A BBI

A guide to modernizing clinical and managerial practice in the UK's National Health Service (NHS) was launched by Sir Nigel Crisp, NHS chief executive, at a conference of NHS leaders in Birmingham last month. "The 10 High-Impact Changes for Service Improvement and Delivery," compiled by Professor Helen Bevan of the NHS Modernization Agency, distills into a set of 10 key principles the work the agency has done with hundreds of frontline organizations and thousands of NHS staff over a period of nearly four years. The changes cover areas of critical importance in service delivery such as the role of day surgery, the management of admissions and discharges, support for patients with long-term conditions and the reduction of lines and other bottlenecks. Each principle is backed by practical examples and supported by resources and contacts to help support local implementation.

Crisp said the publication "shows us what we have learned. Now we can move on to make sure they are implemented systematically across the NHS." He said that adherence to the changes should "transform" the experience of millions of patients, should save "hundreds of thousands of clinician hours, appointments and hospital bed days," should "virtually eliminate" patient waiting, and should "significantly improve" both staff satisfaction and clinical quality.

The 10 changes incorporate a number of innovative approaches. They are, according to the NHS, "resolutely patient-centered, seeing an individual's healthcare not as separate episodes or processes but as a single journey, with clinical interventions integrated with emotional, psychological and material support." Saying the 10 changes "are based on hard evidence of what works," Crisp said the document takes a "systems" view of patient care – "not focusing on different sectors, professions or agencies, but emphasizing coordination and teamwork between, for example, primary care, mental health services and acute hospitals."

Bevan said senior clinicians and managers with whom she has previewed "The 10 High-Impact Changes" have warmly welcomed the document. She noted that some frontline organizations already are putting the changes into practice. "I am delighted by the reception the changes have already had from frontline healthcare professionals," Bevan said. "It seems to me that the NHS is more ready than ever to embrace innovative thinking in the drive to improve services and care for patients."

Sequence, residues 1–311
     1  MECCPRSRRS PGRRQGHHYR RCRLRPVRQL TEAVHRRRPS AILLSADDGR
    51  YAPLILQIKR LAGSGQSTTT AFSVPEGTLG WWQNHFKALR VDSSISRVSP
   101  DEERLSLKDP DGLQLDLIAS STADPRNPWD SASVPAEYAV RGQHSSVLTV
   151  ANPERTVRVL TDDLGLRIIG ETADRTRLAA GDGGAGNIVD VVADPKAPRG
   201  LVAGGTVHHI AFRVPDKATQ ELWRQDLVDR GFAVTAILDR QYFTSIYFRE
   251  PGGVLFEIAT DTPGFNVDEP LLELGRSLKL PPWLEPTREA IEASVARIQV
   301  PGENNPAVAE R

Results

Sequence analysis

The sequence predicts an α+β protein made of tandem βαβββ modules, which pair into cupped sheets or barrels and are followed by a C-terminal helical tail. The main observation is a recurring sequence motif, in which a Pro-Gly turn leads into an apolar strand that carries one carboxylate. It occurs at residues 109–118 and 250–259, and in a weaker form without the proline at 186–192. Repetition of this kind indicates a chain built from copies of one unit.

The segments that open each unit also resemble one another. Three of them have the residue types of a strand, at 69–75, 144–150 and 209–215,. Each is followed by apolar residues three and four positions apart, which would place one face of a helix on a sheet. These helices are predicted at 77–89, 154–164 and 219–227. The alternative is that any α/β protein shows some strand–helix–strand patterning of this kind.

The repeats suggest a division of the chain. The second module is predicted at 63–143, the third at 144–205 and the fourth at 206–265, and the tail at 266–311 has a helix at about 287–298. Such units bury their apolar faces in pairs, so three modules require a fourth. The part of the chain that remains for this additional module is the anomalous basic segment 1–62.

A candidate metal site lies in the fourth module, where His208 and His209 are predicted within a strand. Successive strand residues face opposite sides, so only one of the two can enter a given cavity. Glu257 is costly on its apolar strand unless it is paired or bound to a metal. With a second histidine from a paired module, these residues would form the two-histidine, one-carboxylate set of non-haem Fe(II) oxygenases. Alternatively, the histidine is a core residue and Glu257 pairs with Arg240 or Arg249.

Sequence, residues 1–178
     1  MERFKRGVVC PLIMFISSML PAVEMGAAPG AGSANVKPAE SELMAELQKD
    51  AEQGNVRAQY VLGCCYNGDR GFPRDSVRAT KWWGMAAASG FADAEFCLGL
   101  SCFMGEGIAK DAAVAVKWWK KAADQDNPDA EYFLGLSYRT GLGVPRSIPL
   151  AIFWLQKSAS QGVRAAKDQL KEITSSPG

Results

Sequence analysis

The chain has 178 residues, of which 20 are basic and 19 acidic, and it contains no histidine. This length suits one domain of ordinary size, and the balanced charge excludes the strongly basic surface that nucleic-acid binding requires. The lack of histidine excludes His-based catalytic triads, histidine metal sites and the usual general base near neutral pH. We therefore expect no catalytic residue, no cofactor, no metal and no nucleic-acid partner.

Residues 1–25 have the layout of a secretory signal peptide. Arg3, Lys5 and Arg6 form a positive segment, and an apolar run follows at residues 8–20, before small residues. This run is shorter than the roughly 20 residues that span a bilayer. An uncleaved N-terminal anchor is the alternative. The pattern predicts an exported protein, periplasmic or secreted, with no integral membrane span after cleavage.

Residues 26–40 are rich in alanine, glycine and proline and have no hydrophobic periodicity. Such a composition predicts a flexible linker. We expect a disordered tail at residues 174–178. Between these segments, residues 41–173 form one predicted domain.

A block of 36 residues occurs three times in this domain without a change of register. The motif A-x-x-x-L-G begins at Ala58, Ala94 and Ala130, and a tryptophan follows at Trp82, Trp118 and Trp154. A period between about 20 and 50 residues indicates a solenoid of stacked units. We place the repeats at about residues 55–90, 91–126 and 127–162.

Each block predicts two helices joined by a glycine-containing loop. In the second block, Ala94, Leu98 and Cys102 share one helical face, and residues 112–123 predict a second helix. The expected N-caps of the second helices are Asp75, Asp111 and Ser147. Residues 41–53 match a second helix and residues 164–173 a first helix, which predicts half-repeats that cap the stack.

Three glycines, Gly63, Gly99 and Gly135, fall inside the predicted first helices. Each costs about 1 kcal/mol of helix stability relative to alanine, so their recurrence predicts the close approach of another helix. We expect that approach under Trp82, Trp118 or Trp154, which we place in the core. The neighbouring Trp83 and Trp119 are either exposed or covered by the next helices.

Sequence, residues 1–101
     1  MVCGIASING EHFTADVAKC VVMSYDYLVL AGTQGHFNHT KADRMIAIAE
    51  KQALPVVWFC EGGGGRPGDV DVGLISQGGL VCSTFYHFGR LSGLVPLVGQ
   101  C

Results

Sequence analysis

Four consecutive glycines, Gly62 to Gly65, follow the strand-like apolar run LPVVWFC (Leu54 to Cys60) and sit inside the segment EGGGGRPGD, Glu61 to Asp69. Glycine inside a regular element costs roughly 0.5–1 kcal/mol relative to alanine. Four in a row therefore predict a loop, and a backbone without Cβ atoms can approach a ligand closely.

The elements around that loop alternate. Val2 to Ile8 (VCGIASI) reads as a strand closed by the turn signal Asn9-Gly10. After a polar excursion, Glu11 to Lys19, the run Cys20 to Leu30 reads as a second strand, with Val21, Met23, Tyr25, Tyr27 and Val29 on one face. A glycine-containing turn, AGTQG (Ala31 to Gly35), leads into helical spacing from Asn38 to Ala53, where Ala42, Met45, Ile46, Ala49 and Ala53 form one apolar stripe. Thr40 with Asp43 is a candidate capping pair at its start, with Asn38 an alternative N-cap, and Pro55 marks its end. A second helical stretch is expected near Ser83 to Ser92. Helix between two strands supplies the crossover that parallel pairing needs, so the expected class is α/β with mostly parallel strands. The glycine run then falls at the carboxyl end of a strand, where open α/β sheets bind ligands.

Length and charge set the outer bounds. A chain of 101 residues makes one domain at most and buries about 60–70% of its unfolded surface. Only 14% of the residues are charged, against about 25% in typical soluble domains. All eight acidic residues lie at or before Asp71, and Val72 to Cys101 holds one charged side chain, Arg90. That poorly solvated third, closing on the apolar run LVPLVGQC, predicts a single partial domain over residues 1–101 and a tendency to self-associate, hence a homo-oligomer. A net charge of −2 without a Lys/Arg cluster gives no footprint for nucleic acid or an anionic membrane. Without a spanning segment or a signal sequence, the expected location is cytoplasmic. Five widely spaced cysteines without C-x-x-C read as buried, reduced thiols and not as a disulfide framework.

Opportunities seen in mobile medical imaging

The demand for mobile medical imaging equipment in Europe is growing, driven by the high price of fixed-location equipment and an increasing demand for digital modalities, Frost & Sullivan (London) said in a new report, "Strategic Analysis of the Mobile Medical Imaging Equipment Market in Europe." With an increase in procedure volumes and a widening application range, mobile imaging equipment is set to expand from mere diagnosis toward biopsies and surgeries, said Frost & Sullivan research analyst Srividya Badrinarayanan.

"Many small- and medium-sized hospitals that do not have the scale or financial resources to purchase the high-end static diagnostic equipment are turning toward mobile imaging service providers that provide such equipment on hire," she said. For areas with a widely dispersed population lacking access to medical imaging equipment, such service providers employ specially built vehicles that travel from site to site offering patient care that otherwise would be available only by patient travel to fixed sites, Badrinarayanan noted. Hospitals call in these providers on a rental basis once or twice a week, or at times, for an extended period of one or two weeks, she said. Most of the providers are based in the UK, France, Italy and Spain, and have their own trained radiologists and technicians, thus avoiding regulatory issues.

Mobile imaging equipment also presents what she termed "an ideal short-term replacement solution for hospitals." Badrinarayanan noted, however, that as the mobile imaging market matures and the prices of certain fixed imaging modalities fall, mobile service providers "are likely to find it increasingly difficult to maintain their affordability advantage." In fact, she said, mobile computed tomography (CT) scanners are slightly more expensive than their fixed-location counterparts and with the advent of digitization, mobile mammography systems are expected to cost five times that of an analogue system.

"Though mobility is critical, service providers must work toward differentiating their equipment from static modalities," Badrinarayanan said. "Hospitals prefer equipment that incorporates value-added features and the latest technology for improving the accuracy of their diagnosis and increasing patient throughput." In addition to the growing popularity of C-arm systems in minimally invasive surgeries and angiographies, the launch of 3-D interoperability features and introduction of a digital flat detector instead of the conventional image intensifier tube are expected to drive the mobile C-arms market, she said.